Hide and Seek with an Old Friend

October 16, 2009
By Lauren Cummins BRONZE, Las Vegas, Nevada
Lauren Cummins BRONZE, Las Vegas, Nevada
2 articles 0 photos 0 comments

My hand trembles, the phone drops.
I threw myself to the ground and grabbed for a consoling hand.
I couldn’t think straight.
All I could think of was where things went from there.
By the tone in his voice I read divorce,
But his words said Rehab.

I didn’t see this coming.
I was terrified, I didn’t know her any other way.
My friends called her the “cool” mom.
After downing a few glasses,
she was always the life of my parties.
That’s how I knew her, and I was okay with that.

14 years amounted to a drunken marriage and drunken friends,
but drunken feelings seemed to be in the dark.
A smile was her daytime companion,
The bottle was her late night companion.
To be honest, her addiction was her most lovable companion,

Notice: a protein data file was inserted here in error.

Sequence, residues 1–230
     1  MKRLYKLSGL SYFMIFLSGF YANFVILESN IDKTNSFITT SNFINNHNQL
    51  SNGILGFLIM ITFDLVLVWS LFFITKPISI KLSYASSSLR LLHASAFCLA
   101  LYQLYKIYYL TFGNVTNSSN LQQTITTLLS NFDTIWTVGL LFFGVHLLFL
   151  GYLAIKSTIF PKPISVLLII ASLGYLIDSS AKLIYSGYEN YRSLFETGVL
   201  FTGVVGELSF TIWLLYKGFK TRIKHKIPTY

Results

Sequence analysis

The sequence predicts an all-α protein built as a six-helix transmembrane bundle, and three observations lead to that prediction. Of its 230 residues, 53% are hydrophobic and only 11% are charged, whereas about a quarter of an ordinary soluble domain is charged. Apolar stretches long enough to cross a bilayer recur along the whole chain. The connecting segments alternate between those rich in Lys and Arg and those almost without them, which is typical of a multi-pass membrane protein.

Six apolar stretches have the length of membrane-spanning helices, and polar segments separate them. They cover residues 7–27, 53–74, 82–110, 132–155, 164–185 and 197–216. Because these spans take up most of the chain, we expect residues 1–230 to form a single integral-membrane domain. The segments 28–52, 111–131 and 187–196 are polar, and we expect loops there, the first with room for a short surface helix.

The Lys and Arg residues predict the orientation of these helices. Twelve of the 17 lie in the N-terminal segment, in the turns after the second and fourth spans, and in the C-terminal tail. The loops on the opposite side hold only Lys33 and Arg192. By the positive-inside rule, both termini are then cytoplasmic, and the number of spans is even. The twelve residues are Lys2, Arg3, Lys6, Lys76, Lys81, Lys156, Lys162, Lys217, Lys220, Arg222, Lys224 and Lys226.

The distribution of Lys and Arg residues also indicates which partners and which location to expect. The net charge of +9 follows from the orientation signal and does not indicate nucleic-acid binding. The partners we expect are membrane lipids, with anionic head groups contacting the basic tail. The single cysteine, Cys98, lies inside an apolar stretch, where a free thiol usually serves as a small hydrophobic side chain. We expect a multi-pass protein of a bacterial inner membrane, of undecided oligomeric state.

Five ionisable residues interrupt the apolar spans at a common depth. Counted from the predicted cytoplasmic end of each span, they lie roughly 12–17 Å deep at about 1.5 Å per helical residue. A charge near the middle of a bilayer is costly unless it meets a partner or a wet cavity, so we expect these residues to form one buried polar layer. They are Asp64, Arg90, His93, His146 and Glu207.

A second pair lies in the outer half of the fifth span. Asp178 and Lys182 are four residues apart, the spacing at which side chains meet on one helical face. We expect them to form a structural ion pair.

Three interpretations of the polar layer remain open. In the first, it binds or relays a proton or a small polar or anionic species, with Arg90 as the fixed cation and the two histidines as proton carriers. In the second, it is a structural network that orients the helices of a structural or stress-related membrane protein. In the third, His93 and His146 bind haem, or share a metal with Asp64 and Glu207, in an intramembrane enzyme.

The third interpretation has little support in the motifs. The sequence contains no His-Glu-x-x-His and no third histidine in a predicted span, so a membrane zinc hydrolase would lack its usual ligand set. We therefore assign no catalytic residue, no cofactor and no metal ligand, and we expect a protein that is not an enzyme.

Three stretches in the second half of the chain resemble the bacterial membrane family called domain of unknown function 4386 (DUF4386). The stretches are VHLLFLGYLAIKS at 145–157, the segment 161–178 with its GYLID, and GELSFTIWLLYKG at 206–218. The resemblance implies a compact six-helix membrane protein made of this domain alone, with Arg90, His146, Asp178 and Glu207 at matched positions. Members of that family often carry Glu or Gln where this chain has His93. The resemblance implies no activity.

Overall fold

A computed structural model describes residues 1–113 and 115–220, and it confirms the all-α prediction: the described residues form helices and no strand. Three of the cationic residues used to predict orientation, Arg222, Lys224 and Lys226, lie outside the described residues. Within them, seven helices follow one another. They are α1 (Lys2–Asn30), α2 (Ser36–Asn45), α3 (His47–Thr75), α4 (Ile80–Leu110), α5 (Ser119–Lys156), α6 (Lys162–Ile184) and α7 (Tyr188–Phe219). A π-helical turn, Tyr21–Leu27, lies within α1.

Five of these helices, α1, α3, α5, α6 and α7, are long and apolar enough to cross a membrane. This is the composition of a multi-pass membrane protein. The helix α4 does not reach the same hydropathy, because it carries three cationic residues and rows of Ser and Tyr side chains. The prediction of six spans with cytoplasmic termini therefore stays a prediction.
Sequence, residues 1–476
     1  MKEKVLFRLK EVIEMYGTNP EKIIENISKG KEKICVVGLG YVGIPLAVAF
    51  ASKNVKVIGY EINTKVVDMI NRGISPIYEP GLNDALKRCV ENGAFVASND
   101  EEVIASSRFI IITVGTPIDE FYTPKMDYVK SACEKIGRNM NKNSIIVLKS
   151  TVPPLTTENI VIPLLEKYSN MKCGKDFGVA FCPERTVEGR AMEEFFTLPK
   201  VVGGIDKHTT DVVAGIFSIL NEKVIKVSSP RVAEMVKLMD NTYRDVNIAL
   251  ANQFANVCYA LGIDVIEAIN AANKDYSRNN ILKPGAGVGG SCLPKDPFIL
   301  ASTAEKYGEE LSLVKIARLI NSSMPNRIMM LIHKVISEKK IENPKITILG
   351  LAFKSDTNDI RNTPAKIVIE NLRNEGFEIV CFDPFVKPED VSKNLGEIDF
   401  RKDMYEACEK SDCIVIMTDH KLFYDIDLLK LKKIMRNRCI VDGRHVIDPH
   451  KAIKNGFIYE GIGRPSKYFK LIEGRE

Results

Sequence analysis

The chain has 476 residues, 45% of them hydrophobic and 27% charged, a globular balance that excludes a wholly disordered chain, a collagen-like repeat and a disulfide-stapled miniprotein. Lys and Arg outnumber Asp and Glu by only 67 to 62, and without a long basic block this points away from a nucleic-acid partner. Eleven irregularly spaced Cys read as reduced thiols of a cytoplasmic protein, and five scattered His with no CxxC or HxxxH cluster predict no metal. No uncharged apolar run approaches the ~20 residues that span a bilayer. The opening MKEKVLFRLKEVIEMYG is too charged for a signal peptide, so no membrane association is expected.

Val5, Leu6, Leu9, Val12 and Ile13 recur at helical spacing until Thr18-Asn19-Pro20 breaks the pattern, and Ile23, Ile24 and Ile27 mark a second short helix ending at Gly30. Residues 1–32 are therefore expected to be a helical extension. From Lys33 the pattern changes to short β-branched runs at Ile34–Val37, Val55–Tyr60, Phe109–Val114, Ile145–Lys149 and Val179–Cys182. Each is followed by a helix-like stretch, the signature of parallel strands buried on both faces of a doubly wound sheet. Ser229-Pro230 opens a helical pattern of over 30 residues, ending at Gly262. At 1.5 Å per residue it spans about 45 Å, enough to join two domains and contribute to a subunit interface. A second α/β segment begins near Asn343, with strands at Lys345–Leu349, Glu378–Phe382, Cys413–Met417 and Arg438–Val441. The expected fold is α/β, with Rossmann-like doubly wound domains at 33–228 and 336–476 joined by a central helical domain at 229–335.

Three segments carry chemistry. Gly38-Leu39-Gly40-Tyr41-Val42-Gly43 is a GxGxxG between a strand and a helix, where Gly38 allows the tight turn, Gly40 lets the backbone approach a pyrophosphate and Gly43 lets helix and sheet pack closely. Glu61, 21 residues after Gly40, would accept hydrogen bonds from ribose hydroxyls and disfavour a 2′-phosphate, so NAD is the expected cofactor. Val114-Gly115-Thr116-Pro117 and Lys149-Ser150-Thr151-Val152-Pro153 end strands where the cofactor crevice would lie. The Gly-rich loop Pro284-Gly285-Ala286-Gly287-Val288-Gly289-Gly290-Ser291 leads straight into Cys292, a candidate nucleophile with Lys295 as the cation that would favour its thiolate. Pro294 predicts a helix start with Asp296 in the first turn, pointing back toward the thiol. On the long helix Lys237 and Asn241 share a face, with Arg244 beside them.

Until her lifetime companion decided enough was enough.
“The bottle, or me.”

Countdown: two weeks.
Two weeks I had until she’d be gone for four.
Long walks in the Texas heat were where I got lost in thought.
All I could imagine was dirty halls, dirty people, and dirty sheets.
I slept in bed with her and watched movies as an attempt to distract our minds.
She wasn’t embarking on this journey alone, she would never be alone.

was the feeling that overcame us as we entered the Center.
We sat in the lobby, which for me was the hardest part.
She wore her jet-black sunglasses,
An attempt to conceal her mascara stained eyes.
I myself rolled my blue eyes back to catch my tears from falling.
I whispered to myself, “Stay strong, just stay strong.”

We left her with a pink teddy bear my dad and I made.
If she squeezed the heart, it would thump.
If she pressed the stomach, it played a recording of us saying
“One step at a time.”
We hoped it’d make her feel more at home,
But home, stability, and comfort was distant to all of us.

Defined by the struggles she learned to overcome.
Never again defined by her disease, the one that trapped her.
She wasn’t, and still isn’t alone.
Being an alcoholic is a game of hide and seek.
Even though she will always try to hide it with a smile,
The clock is always ticking until she finds it again.
But a new leaf is overturned, she will resist.

The author's comments:
My mom going to rehab inspired me to write this peice. It was a very emotional journey for me as well as my family.

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